I reviewed Kristin Hersh's spellbinding album preview show at the Arts Theatre last time and on Tuesday night I got the opportunity not only to watch her perform a powerful acoustic set with The McCarricks but to meet her in person. We had quite a chat...
First of all how are you, how are the shows going, are you enjoying yourself?
I haven't had any shows really because it's a promo tour. I'm about to start the US promo tour in a couple of days and that's a month and a half - the US is really big!
So I hear.
Yeah! [laughs] So it's these, you know, fake shows.
Yes. But last week's show at the Arts Theatre wasn't very fake.
It was a preview show though, mostly for journalists and psycho fans...
I was there.
[laughs] They don't even know the record so it's different, it's not really a tour. Plus we don't actually know the songs yet [laughs].
Well that wasn't obvious.
No, it was fine.
Are you enjoying playing the new material in public? Is it the first time you've done that?
It's good to know that you can. This record is, it's not more intricate but it's unusual for me in that I'm usually attracted to more fluid timing, more messy fragile fucked up acoustic stuff. This was very strident, all played to a click which is unusual for me because my counts are usually more in the 3/16. But I had to serve the songs and so necessarily the production reflected this strident quality - big and clear. That said, the overdubs had to balance that out, the overdubs are incredibly idiosyncratic, bizarre timings, layered sound approaches that are difficult to recreate live. So it was a bit of a science project to try and recreate it, and I'm not sure if that's really what we should be doing [laughs].
What's your favourite song off the new album?
'Day Glo'. It's a song about getting poor [laughs] and having to wear day glo clothes but still sink in to the background. I didn't know why I wrote it. I thought I was writing about the weekend Billy and I were engaged, it was in Santa Barbara, we were living in LA. He dragged me up for this weekend in Santa Barbara and didn't tell me why (and that was why). I'm a tomboy, I didn't get any of it! And on the way back we pulled off in to Paradise Cove, this beach in Southern California, it's where the end of Planet of the Apes takes place...the Statue of Liberty. Um, and jumped in to the ocean, it's fucking freezing - I have this water thing, I always have to be in the water - crazy waves, even the surfers wouldn't touch these waves, and I was immediately just sucked out to sea. And I thought I was too strong for that, see this? [flexes arm] I have big muscles!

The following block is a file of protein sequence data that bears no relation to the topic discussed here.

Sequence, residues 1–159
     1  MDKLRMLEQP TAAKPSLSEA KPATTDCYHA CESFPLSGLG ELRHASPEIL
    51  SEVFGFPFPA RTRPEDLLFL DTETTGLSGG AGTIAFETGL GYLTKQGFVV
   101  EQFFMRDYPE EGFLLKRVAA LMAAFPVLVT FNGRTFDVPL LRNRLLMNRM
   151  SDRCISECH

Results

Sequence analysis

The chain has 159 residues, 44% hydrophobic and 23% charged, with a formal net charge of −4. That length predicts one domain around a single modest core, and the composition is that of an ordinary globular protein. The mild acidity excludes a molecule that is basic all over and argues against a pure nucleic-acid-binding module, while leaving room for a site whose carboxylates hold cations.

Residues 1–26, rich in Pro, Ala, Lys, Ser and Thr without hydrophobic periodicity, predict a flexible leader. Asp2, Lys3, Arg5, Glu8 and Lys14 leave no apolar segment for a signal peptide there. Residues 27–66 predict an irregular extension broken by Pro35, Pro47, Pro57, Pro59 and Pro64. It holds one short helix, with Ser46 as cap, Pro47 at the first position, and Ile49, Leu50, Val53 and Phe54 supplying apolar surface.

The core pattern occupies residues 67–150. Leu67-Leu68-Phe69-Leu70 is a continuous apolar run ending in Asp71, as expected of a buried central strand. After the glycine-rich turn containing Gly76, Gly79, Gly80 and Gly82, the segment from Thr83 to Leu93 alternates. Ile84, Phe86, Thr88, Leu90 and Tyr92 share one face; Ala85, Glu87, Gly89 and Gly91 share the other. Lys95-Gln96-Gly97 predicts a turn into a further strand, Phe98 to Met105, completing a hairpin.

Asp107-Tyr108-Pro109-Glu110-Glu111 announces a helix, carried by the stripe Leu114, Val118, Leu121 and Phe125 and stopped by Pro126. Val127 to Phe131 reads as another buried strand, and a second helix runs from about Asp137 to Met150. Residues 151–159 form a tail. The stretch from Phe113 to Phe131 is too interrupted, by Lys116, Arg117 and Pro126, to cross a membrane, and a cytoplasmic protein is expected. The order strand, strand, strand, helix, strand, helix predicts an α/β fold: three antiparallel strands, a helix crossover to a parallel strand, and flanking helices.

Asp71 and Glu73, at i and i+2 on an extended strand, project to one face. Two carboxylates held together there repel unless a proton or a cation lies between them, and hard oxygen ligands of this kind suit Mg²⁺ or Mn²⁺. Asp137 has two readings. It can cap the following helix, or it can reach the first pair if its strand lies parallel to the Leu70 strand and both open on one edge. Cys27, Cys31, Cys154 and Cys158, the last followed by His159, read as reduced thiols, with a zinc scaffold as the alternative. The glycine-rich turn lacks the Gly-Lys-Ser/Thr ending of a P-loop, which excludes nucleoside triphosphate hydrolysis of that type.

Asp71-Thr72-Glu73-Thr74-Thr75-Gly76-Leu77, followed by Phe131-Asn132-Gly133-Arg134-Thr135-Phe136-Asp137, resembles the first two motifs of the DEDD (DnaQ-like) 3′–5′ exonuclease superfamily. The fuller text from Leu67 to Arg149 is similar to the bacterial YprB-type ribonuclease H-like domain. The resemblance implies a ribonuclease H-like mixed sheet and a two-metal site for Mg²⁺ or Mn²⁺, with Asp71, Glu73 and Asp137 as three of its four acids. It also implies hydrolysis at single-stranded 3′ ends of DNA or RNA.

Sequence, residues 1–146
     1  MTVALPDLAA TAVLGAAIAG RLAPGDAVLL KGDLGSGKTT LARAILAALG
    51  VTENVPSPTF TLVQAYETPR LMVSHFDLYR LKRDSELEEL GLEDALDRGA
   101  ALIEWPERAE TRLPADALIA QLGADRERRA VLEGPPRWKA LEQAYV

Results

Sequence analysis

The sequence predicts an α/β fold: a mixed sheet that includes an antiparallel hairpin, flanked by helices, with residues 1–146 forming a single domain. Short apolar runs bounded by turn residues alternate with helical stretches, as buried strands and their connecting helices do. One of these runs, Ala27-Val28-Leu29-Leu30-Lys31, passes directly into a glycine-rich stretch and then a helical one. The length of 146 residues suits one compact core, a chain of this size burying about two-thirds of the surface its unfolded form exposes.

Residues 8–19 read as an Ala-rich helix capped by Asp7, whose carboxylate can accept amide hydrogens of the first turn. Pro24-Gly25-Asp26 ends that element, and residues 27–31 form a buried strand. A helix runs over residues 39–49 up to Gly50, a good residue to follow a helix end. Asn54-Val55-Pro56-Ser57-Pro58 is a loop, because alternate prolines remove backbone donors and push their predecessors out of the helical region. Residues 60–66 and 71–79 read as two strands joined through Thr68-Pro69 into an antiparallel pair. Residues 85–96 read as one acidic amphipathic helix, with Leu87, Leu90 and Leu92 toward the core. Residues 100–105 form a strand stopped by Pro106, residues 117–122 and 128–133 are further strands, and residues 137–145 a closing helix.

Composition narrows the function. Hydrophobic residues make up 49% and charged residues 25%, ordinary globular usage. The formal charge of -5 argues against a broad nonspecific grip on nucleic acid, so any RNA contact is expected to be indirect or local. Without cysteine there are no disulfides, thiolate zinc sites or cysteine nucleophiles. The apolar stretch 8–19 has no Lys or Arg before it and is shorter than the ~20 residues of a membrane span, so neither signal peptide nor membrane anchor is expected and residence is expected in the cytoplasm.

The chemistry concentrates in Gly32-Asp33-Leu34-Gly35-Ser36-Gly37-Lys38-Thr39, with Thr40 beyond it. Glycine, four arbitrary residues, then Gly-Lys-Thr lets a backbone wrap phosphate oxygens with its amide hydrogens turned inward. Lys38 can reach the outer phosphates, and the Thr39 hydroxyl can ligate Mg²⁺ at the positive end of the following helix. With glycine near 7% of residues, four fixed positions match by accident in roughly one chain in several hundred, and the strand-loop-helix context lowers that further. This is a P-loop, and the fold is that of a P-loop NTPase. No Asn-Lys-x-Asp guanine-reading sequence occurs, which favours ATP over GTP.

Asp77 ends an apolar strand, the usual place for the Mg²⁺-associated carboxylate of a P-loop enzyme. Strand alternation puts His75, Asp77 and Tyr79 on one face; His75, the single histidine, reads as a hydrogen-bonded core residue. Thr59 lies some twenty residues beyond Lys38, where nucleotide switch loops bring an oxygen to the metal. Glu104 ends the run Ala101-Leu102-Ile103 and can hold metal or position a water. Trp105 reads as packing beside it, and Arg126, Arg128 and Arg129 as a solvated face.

But I'm this big!! [indicates a very small thing with her fingers]
I was just like, bo!!!! Billy tried to grab me, he said it was like a dead body, I couldn't fight the current at all. I thought that I was writing about that and then all this water stuff happened to us and our house flooded...
I heard about that.
And you know, our friends in Katrina and everything, water water water. But I couldn't figure out why I'd be talking about getting poor and day glo clothes and still being in the background and then it happened and we had to buy everything from the kids at Goodwill and it was all these ridiculous day glo colours and we were these invisible people, just like all the other poor people. It's a good lesson to learn, not that I'd ever been really rich, but I'd never had to...I'd never had nothing at all before, and I appreciate Day Glo for being there before it happened and being the scrim that I saw all that through. It made it, I want to say almost meaningless? It didn't seem to matter so much. 'Day Glo' had already made it pretty, so it was okay to live that way.
I was recently re-reading a book you did an interview in. Do you remember "Never Mind The Bollocks" by Amy Raphael? You did a piece in it, it was published in 1995 and I was 14 and I read about all these girls and I was like "I'm going to play the guitar, it's going to be so cool"...
And it worked!
I know! You said that the first time you really thought sexism existed in the music business was when you were promoting Hips And Makers. I was wondering whether you'd found that had changed in the last 12 years since you did that interview, has it been a problem for you or have you ignored it and just carried on?